12.1 - The immune system Flashcards Preview

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Flashcards in 12.1 - The immune system Deck (42):
1

What 2 types of defence mechanisms are there?

Non-specific responses
Specific responses

2

Give examples of non-specific responses

Barriers
Inflammation
Phagocytosis

3

Give examples of specific responses

Humoral response using antibodies
Cell-mediated response using T lymphocytes

4

List physical barriers

Skin
The conjunctiva
Ciliated epithelial lining
Stomach lining
Vagina lining

5

What is the outside of skin made of?

Keratin

6

What is keratin?

An insoluble protein

7

What is the role of the skin?

To prevent entry of pathogens

8

What is the conjunctiva?

Membrane covering the eye

9

What does the conjunctiva contain?

Enzymes (lysozyme)

10

What does the conjunctiva do?

Enzymes digest bacterial cell walls, destroying the bacteria

11

How do ciliated cells protect the body?

They waft mucus containing trapped pathogens out of the airways to the throat, where it is swallowed

12

How does the stomach lining protect us from pathogens?

Secretes HCl which destroys swallowed pathogens

13

How does the lining of the vagina protect us?

Acidic pH, reducing the ability of the bacteria to survive (enzymes don't function at acidic pH values

14

What is the inflammatory response?

A reaction which releases histamine, serotonin, and prostaglandins

Causes pain, swelling, redness

15

What effect does the release of histamine, serotonin, and prostaglandins have?

Dilate arterioles
Make walls of the capillaries more permeable
Increase blood flow to the area

16

Why does the inflammatory response make capillary walls more permeable?

Enables phagocytic cells to leave the blood more easily

17

Outline the stages of phagocytosis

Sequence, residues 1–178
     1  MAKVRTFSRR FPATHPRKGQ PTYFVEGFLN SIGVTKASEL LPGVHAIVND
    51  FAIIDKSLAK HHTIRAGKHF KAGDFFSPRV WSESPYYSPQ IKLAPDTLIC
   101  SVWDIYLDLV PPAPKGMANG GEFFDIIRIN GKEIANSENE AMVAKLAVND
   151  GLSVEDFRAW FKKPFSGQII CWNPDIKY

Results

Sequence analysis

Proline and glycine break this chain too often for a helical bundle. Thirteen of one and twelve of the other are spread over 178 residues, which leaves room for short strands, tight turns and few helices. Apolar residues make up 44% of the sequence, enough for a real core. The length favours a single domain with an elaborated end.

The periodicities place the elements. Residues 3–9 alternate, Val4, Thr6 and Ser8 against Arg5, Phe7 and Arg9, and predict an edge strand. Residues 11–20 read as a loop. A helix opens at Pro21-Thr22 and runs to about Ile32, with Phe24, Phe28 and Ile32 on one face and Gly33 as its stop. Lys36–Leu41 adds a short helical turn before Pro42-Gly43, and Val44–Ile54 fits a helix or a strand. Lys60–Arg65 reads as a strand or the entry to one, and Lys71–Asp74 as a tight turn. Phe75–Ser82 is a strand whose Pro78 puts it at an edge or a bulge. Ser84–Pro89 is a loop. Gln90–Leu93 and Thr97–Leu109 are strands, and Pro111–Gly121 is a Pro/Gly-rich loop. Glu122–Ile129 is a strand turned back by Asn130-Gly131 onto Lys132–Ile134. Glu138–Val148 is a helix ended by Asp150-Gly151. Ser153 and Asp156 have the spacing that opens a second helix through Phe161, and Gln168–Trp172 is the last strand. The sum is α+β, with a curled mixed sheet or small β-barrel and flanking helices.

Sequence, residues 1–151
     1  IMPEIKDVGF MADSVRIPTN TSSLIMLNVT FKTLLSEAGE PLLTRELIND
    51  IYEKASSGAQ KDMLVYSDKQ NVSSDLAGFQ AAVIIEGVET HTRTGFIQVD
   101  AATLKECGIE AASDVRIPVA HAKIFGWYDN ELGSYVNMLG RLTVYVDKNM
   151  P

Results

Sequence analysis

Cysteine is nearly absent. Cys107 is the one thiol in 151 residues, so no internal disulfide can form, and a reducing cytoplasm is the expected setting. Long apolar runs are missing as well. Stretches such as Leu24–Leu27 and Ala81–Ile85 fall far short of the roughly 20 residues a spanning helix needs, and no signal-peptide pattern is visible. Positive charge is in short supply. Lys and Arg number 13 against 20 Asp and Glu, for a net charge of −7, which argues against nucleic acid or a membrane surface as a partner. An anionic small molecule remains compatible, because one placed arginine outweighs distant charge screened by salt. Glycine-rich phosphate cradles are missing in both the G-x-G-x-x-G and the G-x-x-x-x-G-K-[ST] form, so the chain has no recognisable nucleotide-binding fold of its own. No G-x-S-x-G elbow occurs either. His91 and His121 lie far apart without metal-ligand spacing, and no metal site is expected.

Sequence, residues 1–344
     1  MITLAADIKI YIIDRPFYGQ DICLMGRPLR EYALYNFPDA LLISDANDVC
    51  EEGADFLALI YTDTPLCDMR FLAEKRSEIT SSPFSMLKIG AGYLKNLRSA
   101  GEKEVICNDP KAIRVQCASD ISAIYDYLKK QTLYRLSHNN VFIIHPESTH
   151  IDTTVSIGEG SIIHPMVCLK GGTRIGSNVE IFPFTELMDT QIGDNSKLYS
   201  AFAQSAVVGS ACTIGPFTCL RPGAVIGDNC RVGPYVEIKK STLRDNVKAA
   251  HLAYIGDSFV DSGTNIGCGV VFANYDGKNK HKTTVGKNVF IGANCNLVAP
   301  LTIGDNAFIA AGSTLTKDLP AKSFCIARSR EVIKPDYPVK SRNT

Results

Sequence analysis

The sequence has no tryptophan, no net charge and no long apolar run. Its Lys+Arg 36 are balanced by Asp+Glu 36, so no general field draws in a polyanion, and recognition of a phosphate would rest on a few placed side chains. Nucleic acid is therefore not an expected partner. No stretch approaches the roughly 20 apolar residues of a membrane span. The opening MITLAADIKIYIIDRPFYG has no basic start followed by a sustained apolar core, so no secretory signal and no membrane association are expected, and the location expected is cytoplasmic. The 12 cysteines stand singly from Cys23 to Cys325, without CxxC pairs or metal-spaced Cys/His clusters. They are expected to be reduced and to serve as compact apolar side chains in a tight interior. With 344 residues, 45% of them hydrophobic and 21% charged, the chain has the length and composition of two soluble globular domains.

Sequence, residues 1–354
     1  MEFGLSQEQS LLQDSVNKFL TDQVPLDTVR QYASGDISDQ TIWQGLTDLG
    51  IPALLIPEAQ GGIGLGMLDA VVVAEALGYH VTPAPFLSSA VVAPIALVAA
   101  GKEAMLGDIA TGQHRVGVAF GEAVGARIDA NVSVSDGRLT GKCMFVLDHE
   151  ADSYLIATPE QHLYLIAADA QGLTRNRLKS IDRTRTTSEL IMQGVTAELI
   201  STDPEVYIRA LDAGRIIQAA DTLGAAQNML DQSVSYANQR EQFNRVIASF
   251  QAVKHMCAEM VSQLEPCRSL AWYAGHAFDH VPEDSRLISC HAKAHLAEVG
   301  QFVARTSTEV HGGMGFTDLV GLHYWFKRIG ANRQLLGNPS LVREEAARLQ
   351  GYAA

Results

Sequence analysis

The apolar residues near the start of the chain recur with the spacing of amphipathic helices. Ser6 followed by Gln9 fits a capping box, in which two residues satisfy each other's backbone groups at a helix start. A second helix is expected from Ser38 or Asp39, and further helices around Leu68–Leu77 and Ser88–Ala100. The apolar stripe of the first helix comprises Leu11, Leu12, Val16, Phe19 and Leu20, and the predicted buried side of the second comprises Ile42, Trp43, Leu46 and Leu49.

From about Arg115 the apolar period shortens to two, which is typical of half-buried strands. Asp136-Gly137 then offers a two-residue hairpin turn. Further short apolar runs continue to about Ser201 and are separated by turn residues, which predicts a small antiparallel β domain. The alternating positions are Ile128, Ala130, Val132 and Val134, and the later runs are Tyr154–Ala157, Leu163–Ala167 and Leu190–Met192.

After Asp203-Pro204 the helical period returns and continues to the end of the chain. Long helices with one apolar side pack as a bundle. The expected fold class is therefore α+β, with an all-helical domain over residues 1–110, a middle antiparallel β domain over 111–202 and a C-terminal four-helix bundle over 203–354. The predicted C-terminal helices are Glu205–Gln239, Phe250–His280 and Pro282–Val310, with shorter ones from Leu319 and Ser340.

1) Pathogens release chemicals
2) Damaged cells release cytokines which attract the phagocytes
3) Pathogen attaches to receptors on cell surface membrane of the phagocyte (directly/through opsonins)
4) Phagocytes surround the pathogen
5) Phagosome is formed
6) Lysosomes fuse with the phagosome
7) Hydrolytic enzymes digest and destroy the bacteria within the phagosome
8) Harmless products are released into the cytoplasm

18

What are phagocytes?

A specialised leucocyte that destroys bacteria by phagocytosis

19

Name phagocytic cells

Neutrophil
Monocyte

20

What are cytokines?

Cell signalling molecules used for communication between cells

21

What are opsonins?

Antibodies which bind to pathogens, making it more susceptible to phagocytosis

22

What is a phagosome?

A vacuole inside a phagocyte containing a foreign particle

23

What are monocytes?

White blood cells that differentiate to form macrophages

24

What are macrophages?

Phagocytic cells that release chemicals to attack bacterial cells, inhibit viral replication, and attract more macrophages

25

What triggers the specific immune response?

Antigens on the outer surfaces of organisms.
Non-self cells are targeted and destroyed.

26

What are the cells of the specific immune response?

T and B lymphocytes

27

Where are T and B lymphocytes produced?

Bone marrow

28

Where are T lymphocytes processed?

Thymus

29

Where are B lymphocytes processed?

Bone marrow

30

How are antigen presenting cells formed?

Dendritic cells engulf and digest pathogen and display its antigens on its cell surface membrane

31

What are dendritic cells?

Type of macrophage which becomes an antigen presenting cell

32

How are T cells formed?

T helper cell with complementary antigen to the dendritic cell is located.
The dendritic cell activates the T helper cell
T helper cells rapidly divide by mitosis, forming clones

33

What are types of T lymphocytes?

T helper cells
T regulatory cells
T killer cells

34

What do B cells have?

Receptors that are complementary to the pathogens antigens

35

What process do B cells use to divide?

Mitosis

36

What can B cells differentiate into?

Plasma cells
B memory cells

37

What do plasma cells do?

Synthesise and secrete antibodies with a complementary binding site to the pathogens antigens

38

What are T regulatory cells?

T cells that regulate the immune system, maintain tolerance to self-antigens, and prevent autoimmune disease.

39

What do T helper cells do?

Use cytokines to stimulate specific B lymphocyte production

40

How do B lymphocytes respond to a foreign antigen?

B cell with complementary receptors is stimulated to divide, forming a clone of plasma cells and a clone of memory cells. Plasma cells secrete antibodies into the circulation.

41

What will happen if a pathogen with the same antigens is encountered again?

Quicker antigen presentation
Quicker clonal selection and clonal expansion
Specific antibodies produced faster

42

What do T killer cells do?

Directly attack and destroy foreign cells